Well, today I had to put on a jumper. In fact I am wearing this spiffy canterbury MVP jersey that Rose (local MVP contact) sent me. If you have an appreciation of real football (apologies to soccer fans – this isn’t directed at you), then you will know just how warm these things can be. The current temperature is down to 18oc, and while it might climb during the day I can’t see it getting over 30oc.
I’m looking forward to looking out on the snow frosted hills this winter. Last year it snowed a number of times but I was unlucky enough to be delivering training courses or working interstate each time.
When I first introduced my task to the world I mentioned that there were a few things that I wanted to tackle in future releases. Here is a bit of a referesher for those of you who missed my earlier post.
- Write automated unit tests using csUnit.
- Write automated build script to run unit tests and build a release.
- Improve API documentation for the source code using XML comments.
- Make the NAnt output look prettier.
I am now pleased to annouce that in the 220.127.116.11 drop I have started to address the first two items in that list. There are now a bunch of unit tests in the NotGartner.Build.Tasks.Tests project to excercise the task and weed out any problems with future modifications/enhancements I make. The act of writing the unit tests actually uncovered a number of bugs which are now fixed.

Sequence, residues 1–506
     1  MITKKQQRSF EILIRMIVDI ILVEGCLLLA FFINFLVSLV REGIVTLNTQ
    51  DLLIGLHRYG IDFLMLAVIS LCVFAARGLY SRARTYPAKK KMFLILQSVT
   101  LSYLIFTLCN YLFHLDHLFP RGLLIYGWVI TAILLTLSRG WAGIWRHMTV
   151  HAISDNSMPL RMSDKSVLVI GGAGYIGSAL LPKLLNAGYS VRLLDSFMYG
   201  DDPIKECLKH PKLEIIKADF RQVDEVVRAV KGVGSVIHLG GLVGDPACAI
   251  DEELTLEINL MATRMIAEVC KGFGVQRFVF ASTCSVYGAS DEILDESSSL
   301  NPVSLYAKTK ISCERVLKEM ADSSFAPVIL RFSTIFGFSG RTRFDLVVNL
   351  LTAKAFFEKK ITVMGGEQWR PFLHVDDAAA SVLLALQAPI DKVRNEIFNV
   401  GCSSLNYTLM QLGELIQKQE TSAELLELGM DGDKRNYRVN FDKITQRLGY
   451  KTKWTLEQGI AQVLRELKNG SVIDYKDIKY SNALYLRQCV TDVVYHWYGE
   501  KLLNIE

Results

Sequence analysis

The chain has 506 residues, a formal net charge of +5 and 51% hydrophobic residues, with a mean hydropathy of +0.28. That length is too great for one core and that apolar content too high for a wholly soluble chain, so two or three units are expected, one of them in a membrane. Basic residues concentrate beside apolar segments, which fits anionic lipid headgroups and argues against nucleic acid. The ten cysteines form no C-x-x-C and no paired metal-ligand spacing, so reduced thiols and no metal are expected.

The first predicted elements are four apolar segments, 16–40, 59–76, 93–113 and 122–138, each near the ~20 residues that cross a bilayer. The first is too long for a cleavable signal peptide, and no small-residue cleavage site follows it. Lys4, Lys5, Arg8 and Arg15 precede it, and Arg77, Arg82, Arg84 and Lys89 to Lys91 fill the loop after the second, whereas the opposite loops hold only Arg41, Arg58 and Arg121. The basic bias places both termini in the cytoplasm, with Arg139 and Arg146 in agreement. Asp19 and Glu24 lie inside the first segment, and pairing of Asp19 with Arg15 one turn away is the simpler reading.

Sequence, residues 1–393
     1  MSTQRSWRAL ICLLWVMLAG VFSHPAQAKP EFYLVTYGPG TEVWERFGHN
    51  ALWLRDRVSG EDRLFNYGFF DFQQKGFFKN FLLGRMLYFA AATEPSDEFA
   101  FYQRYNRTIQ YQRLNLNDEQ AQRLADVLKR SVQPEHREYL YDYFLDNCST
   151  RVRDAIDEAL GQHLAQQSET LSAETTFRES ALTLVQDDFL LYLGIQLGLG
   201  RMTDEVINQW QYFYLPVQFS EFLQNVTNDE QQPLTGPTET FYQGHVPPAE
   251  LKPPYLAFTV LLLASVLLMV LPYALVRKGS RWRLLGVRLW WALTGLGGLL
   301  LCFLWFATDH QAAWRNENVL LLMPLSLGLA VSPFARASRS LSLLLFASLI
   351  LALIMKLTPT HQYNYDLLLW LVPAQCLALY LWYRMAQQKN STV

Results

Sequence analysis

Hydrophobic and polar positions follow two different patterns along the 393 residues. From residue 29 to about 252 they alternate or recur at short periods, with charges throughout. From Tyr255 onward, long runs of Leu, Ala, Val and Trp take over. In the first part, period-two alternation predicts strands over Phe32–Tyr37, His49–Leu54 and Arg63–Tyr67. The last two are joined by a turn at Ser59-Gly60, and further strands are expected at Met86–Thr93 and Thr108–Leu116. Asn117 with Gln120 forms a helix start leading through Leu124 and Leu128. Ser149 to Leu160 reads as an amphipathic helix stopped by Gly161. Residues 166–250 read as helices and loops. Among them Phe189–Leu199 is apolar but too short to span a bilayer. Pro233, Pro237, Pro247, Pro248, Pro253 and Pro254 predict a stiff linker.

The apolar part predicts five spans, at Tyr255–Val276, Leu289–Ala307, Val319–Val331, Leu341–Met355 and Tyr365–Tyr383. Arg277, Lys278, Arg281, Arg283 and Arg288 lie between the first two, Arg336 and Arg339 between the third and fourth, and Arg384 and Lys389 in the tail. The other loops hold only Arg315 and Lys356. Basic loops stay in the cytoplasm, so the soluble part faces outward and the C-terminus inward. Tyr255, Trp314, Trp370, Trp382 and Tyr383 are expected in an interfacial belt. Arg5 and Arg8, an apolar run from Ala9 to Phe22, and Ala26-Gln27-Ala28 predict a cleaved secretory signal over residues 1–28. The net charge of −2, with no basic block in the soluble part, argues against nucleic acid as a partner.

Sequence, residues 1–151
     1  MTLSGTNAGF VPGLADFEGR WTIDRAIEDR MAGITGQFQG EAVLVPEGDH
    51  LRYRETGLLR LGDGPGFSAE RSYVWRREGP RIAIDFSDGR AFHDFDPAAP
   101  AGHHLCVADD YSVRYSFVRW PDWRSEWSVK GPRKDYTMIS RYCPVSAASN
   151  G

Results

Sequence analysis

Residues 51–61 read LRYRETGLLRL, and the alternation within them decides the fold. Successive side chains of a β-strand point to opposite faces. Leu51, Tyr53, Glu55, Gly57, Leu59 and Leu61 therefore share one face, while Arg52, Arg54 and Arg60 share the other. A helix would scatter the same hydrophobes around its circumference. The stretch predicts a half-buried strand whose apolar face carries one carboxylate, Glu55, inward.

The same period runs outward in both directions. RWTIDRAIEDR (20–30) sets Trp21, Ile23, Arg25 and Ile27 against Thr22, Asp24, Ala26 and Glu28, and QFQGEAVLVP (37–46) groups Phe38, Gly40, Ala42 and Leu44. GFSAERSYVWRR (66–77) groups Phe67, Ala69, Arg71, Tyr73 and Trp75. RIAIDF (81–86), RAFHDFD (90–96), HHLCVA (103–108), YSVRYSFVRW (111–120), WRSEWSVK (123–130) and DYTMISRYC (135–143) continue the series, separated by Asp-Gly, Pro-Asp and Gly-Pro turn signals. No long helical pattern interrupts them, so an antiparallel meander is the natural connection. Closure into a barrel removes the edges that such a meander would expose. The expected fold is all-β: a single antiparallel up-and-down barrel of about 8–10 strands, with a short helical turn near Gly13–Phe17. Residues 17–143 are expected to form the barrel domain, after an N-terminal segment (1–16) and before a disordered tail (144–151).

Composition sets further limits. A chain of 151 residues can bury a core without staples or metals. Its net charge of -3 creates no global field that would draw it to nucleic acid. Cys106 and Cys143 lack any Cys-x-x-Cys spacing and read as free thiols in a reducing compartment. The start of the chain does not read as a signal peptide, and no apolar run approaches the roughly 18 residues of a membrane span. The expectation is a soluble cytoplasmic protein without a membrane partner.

- When input validation failed, clean-up of temporary files still occured causing an exception, masking the underlying exception that was raise as a result of invalid arguments.
- Test summary output failed when tests passed (can you believe I missed this!).
Both of these errors resulted in me not running a full suite of tests as the task evolved, so things slipped through the cracks. Anyway, give this drop a crack!
I was reading one of FrankArr’s blog entries where he was checking the level of GoogleJuice for the bits that he puts out there. Ofcourse there is no prizes for guessing what the first link is for my surname was. Sometimes I wonder whether based on that association I’ll get stopped at US customs for acts of terrorism on US soil. Mind you, that is based on second hand information. I’ve seen the signs, just never had the pleasure.
Searching for my first name produces the desired results, however the cache that Google has shows the site as being in error. Not surprising giving the reliability of my hosting provider. If the site isn’t down, the database is down, and if the database is down files are getting zero-byted. Groan.
The folks at Microsoft are taking to the road and are putting on a security conference for developer folks and IT professionals. I’m going to be at the Canberra one on the 5th of March, other dates for the rest of the country are available. Security has been under the spotlight recently and while the press would have you believe all the problems are in the OS, most vulnerabilities exist in home grown application code.
About a year ago Jeff Prosise and Dan Green did a tour of Australia. Jeff show folks how easy it was to compromise a poorly designed application and I think I saw a collective jaw drop several times that day. Anyway, be there, or hand in your geek card!